At his sentencing hearing, Jackson offered transcripts of the testimony of three witnesses, Warren James Woodford, Dr. Clinton D. Kilts, and Dr. John Marshall Holbrook, who testified in United States v. Davis, 864 F.Supp. 1303 (N.D.Ga.1994), appeal pending (No. 95-8057 11th Cir.), to support his argument that cocaine base and cocaine are the same substance. See Brief of Defendant-Appellant at 3. This testimony, however, was at best equivocal. In answer to a question as to whether "the use of crack cocaine as you've described it [was] more dangerous to the individual than the use of cocaine hydrochloride or cocaine base?"; Woodford replied with a simple "Yes." Exhibit E, 1 Motions Tr. at 11. He later stated that cocaine base was distinguishable from cocaine hydrochloride in molecular weight and structure, melting point, solubility, and common method of ingestion. Id. at 43-46. Dr. Kilts discussed the distinct pharmacology of cocaine free base, including a low boiling point and a rapid effect on users, id. 63-64, while Dr. Holbrook noted that cocaine base is the only form of the drug which is truly smokeable. Id. 118. Additionally, Peter Poole, a forensic chemist at the DEA laboratory, stated that cocaine base differs from other forms of the drug, including cocaine hydrochloride, in that it has a different melting point, is soluble in different solvents, absorbs infrared light at a different frequency, and has a separate chemical abstract service registry number and noted that it vaporizes at a lower temperature than cocaine hydrochloride, and thus is more readily smokeable. See Sentencing Hearing Transcript at 32-36. Dr. Michael J. Moskal, Director of Pediatrics at Broadlawns County Hospital in Des Moines, testified as to his research on inhalation of "second hand" crack cocaine smoke by children and infants. The District Court, rejecting Jackson's argument that because of ambiguity in Sec. 841's use of the terms "cocaine base" and "cocaine" he should have the benefit of the rule of lenity (and thus be spared the more severe punishment applicable to crack cocaine offenses), sentenced him to a term of 240 months.
Jackson's first argument on appeal is that the evidence is insufficient as a matter of law to convict him of conspiring to distribute crack cocaine in violation of 21 U.S.C. Sec. 846 (1988). We review the evidence in the light most favorable to the government, giving it the benefit of all reasonable inferences that support the jury verdict. United States v. Marin-Cifuentes, 866 F.2d 988, 992 (8th Cir.1989).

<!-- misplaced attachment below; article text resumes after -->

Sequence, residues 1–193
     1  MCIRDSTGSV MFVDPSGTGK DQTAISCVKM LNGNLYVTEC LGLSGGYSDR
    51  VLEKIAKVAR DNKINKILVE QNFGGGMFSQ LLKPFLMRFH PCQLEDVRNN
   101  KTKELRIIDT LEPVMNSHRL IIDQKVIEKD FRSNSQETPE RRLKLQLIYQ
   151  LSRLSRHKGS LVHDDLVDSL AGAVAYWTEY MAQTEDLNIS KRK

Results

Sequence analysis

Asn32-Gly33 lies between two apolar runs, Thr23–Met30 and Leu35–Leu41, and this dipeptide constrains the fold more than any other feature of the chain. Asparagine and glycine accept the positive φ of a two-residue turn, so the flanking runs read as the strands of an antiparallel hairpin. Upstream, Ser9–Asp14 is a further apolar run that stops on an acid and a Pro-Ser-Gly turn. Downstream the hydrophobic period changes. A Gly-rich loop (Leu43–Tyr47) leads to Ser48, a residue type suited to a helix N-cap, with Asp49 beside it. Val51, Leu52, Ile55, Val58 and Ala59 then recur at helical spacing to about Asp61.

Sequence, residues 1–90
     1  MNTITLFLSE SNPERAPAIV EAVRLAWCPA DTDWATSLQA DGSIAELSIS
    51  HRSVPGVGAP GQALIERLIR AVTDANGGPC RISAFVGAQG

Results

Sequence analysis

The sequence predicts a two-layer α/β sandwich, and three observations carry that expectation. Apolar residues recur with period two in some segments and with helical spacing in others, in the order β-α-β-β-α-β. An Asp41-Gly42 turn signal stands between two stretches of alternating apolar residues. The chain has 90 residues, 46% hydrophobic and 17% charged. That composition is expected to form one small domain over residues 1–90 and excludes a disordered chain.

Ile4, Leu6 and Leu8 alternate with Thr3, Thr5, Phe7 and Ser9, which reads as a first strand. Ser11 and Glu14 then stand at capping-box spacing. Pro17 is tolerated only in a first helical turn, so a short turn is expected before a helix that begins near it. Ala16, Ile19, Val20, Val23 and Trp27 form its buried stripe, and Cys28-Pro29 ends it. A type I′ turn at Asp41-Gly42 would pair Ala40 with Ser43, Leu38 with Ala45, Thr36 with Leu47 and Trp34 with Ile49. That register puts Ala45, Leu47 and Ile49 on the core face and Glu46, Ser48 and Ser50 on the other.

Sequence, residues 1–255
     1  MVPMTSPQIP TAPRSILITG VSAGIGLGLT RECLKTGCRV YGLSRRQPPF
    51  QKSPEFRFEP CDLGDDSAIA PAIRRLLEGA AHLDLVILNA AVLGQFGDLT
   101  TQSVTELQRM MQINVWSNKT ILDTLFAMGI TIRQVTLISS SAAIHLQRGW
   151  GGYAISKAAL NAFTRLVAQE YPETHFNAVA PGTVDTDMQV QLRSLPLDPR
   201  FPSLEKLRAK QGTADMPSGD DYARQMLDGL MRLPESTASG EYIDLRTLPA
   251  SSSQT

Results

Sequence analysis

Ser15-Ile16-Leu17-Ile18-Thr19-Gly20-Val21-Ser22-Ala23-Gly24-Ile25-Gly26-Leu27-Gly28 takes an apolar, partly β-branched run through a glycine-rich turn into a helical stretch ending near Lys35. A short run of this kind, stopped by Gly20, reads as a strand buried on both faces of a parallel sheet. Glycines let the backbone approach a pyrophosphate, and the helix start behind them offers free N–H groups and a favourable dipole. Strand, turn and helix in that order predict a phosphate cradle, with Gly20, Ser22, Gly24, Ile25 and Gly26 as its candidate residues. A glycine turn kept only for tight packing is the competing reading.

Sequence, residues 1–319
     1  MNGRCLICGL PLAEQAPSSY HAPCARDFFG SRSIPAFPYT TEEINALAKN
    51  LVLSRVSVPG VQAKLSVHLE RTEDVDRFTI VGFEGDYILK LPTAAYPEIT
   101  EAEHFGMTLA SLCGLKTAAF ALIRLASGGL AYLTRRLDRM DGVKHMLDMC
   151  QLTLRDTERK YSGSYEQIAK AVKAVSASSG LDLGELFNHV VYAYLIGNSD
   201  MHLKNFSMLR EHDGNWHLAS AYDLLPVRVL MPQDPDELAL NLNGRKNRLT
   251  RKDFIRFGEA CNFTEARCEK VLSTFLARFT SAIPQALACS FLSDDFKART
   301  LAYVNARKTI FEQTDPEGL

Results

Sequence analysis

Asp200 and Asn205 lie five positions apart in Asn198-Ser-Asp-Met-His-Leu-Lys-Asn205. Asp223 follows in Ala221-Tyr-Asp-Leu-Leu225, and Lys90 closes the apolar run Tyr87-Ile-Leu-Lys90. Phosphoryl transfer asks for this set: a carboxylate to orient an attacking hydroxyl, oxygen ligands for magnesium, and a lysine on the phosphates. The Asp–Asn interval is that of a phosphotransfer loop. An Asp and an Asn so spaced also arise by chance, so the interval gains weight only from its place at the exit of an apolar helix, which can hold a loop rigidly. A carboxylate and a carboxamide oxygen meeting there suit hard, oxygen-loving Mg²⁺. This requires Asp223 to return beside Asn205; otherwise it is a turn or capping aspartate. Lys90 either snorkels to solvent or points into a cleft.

To convict the defendants of conspiracy, the government must prove that they entered into an agreement and that agreement had as its objective a violation of the law. The agreement need not be express or final, however. The government must show no more than a tacit understanding among the participants. Because the nature of a drug conspiracy requires secrecy, the agreement must often be established by way of inference from the surrounding circumstances.
United States v. Quintanilla, 25 F.3d 694, 699 (8th Cir.) (citations omitted), cert. denied sub nom. Velasquez v. United States, --- U.S. ----, 115 S.Ct. 457, 130 L.Ed.2d 365 (1994).
Here, the government charged that Jackson had conspired not only with Stokes but also with an unknown individual in Las Vegas to distribute crack cocaine. Documentary evidence of telephone calls made by Jackson to a Las Vegas number were offered in evidence and Stokes, Jackson's co-defendant, testified that Jackson made phone calls to a Las Vegas telephone number from the apartment at Kingman. Trial Transcript at 318-19. As noted above, Stokes also testified that he had received the package at his residence at Jackson's request, that Jackson had agreed to pay him for this service, and that when he called Jackson to let him know the package had arrived, Jackson came to the Kingman address and opened the package. Id. at 307-18. Testimony from Officer Cobine placed Jackson in close proximity to the package of cocaine and noted his furtive movements when police entered the house, Trial Transcript at 167-71, and a ball of crack cocaine was retrieved from the specific area of the apartment to which Jackson was seen to retreat, see Trial Transcript at 97. The quantity of the seized crack cocaine (163.17 grams) permits an inference that it was intended for further distribution, not for personal use. See United States v. Turpin, 920 F.2d 1377, 1383-84 (8th Cir.1990) (intent to distribute cocaine inferred from possession of over 150 grams of cocaine base), cert. denied, 499 U.S. 953, 111 S.Ct. 1428, 113 L.Ed.2d 480 (1991). We conclude that the evidence is sufficient to support the finding of the jury that beyond a reasonable doubt Jackson was a participant in a conspiracy to distribute crack cocaine.